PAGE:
Editor’s Note: The following article originally appeared as a sidebar article in within a larger article, “After the Storm, Louisiana Dealer Moves Ahead,” March 2008 edition of Farm Equipment. Following the effects of the August 2017 Hurricane Harvey in Texas, our staff wanted to share this article for some perspective.

No one at Chauvin Bros., Belle Chasse, La. will ever forget Hurricane Katrina. Many simply call it “The Storm.” Their term for the devastation is “The Mess.”

When Hurricane Katrina hit in August 2005, it was the costliest and 1 of the 5 deadliest hurricanes in the history of the U.S. It was the sixth-strongest Atlantic hurricane ever recorded and the third-strongest hurricane on record to make landfall on the continent.

Not the First Time Around

The New Holland dealership, founded in 1952 by Louis and Rene Chauvin, was originally located in the heart of Louisiana citrus grove country -- which for decades had the best quality citrus in the country, says Gary Chauvin, owner. At one time, the area included 15,000 producing trees on 80 acres of this 90-mile long, 4-mile wide peninsula. About 30 years ago, says Chauvin, nearly 75% of the parish was small citrus groves that averaged 20-25 acres each.

But orange growers continued to be bitten by Mother Nature, including Hurricane Betsy in 1965, Hurricane Camille just 4 years later. “The southern 40 miles of the parish was wiped out,” says Chauvin, recalling the effects of Betsy and Camille in that brief period. But it was the cold snap in 1985 that stayed below freezing for 5 days that obliterated the groves.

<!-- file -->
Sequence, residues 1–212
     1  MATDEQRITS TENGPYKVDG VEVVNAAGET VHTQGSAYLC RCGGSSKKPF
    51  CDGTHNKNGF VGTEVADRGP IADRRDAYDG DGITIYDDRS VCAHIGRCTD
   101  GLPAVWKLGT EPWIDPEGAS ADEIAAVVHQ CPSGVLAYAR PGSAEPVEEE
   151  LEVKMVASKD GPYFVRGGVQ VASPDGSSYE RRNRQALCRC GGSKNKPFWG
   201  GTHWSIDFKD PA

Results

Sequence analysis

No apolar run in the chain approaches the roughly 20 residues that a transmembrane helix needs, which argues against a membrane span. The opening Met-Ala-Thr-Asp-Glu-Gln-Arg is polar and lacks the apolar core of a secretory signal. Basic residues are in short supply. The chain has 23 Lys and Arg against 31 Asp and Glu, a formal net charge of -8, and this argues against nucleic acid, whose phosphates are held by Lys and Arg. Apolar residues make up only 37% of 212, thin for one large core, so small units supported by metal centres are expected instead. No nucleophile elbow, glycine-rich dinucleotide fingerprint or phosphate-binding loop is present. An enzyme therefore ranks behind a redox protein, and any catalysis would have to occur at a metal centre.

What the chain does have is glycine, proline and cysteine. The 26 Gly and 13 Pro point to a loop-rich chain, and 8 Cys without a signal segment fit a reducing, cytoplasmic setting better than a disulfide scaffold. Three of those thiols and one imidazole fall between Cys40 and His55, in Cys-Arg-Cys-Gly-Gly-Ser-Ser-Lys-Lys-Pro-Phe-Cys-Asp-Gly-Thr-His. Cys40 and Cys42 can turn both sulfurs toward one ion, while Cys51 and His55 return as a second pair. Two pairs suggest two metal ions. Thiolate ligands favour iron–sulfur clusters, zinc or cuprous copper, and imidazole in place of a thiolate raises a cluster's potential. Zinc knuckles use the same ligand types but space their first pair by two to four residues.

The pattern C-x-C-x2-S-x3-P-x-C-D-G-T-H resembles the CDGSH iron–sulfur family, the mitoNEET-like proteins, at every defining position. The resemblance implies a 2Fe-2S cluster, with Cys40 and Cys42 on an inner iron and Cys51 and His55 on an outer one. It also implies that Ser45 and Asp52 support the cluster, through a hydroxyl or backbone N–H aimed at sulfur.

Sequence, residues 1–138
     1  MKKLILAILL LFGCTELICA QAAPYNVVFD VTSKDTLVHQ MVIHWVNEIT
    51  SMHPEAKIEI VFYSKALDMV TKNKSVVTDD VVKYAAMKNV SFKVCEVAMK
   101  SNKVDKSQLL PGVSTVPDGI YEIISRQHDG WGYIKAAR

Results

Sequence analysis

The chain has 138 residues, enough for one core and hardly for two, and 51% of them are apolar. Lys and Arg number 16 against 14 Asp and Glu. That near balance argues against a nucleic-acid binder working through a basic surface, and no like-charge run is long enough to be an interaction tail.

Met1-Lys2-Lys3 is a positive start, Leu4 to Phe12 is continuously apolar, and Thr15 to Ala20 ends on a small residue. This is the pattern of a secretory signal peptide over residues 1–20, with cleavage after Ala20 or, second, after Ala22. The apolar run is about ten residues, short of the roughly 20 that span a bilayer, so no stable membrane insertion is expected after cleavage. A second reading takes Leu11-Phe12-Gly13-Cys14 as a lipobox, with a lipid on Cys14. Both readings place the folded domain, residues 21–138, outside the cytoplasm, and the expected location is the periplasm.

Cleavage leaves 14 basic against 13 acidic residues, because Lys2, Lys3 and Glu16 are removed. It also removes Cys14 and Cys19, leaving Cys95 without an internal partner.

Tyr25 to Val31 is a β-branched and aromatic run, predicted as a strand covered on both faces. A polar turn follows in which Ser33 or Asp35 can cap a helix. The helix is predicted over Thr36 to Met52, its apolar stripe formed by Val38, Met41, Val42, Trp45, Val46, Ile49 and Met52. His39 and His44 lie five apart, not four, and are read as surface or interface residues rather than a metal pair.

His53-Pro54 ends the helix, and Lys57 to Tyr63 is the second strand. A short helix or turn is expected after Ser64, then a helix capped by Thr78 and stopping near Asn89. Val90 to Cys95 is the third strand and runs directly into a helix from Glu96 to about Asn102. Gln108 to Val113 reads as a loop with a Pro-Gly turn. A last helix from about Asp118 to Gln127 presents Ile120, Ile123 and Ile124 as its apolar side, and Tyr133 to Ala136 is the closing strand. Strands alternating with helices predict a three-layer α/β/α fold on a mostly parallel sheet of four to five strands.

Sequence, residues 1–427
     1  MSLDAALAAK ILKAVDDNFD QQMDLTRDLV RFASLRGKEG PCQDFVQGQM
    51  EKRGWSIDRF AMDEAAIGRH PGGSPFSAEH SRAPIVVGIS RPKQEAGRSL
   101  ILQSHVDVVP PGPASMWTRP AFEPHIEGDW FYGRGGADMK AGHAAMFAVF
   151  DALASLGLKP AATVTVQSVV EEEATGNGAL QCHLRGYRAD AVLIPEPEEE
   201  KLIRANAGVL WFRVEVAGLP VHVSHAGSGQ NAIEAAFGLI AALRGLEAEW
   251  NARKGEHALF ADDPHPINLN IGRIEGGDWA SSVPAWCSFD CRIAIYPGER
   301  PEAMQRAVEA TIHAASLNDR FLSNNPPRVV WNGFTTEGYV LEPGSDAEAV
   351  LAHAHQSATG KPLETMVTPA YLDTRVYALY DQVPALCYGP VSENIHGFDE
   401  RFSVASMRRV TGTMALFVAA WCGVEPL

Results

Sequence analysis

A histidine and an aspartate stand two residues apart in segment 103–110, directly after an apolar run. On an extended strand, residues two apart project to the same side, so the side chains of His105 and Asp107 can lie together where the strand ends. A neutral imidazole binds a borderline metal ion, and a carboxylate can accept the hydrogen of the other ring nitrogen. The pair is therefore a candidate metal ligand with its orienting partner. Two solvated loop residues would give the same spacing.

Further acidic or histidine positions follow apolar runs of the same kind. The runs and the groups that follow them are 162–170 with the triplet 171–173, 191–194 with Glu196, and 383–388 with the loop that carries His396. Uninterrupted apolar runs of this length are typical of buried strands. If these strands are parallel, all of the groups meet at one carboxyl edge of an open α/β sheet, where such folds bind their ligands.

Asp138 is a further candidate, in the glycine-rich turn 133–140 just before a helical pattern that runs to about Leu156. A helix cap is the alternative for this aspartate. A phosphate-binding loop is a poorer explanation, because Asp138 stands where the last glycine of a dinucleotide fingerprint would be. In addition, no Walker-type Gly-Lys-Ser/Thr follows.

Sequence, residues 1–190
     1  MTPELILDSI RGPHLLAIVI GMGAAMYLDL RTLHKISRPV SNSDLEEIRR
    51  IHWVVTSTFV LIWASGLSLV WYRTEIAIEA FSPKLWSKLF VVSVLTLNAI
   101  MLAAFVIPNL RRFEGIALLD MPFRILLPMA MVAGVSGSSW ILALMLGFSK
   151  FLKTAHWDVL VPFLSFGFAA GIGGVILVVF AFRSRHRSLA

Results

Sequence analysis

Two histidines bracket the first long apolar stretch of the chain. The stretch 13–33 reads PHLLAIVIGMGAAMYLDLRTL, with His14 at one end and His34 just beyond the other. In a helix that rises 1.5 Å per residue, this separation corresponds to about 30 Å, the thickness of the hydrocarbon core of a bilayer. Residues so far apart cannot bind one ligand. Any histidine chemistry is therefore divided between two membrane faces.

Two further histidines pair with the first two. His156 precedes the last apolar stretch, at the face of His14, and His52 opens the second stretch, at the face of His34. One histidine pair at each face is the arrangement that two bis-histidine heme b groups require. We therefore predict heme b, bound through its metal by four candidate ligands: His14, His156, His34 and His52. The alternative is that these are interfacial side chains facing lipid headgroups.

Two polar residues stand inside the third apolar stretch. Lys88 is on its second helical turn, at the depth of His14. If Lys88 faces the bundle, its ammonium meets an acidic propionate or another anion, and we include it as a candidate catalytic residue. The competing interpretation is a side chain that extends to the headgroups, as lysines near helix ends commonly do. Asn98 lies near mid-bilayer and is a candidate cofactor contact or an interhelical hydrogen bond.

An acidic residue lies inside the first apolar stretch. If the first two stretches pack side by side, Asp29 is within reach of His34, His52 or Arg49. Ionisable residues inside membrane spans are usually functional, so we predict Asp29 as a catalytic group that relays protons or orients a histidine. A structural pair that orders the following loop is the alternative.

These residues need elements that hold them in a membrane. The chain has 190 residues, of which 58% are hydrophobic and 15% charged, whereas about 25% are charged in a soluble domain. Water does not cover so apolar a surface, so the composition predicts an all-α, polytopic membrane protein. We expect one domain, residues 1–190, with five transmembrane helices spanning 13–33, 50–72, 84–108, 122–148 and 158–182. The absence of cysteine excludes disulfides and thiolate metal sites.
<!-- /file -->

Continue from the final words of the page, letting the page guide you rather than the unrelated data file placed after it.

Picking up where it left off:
In the mid-1980s, the dealership relocated to Belle Chasse, La., to the north end of Plaquemines Parish, 50 miles north of its original location but still within view of the top of the New Orleans Superdome. That decision to move not only supported the diversification within municipal and construction markets, but also turned out to be a true blessing for what would happen in 2005 when Katrina hit.

Pictured is Chauvin Brothers’ store 2 years after Katrina. The location was fortunate in that it did not flood but was heavily damaged by the 2005 storm. Following the tragedy, however, all the full-time salespeople and some service technicians, left the dealership, including some that moved away from the region entirely.

Katrina Hits

“Katrina hit us a little farther north and by then the marshland that provided a buffer against these storms was gone, eaten away by erosion and salt water intrusion,” Chauvin says.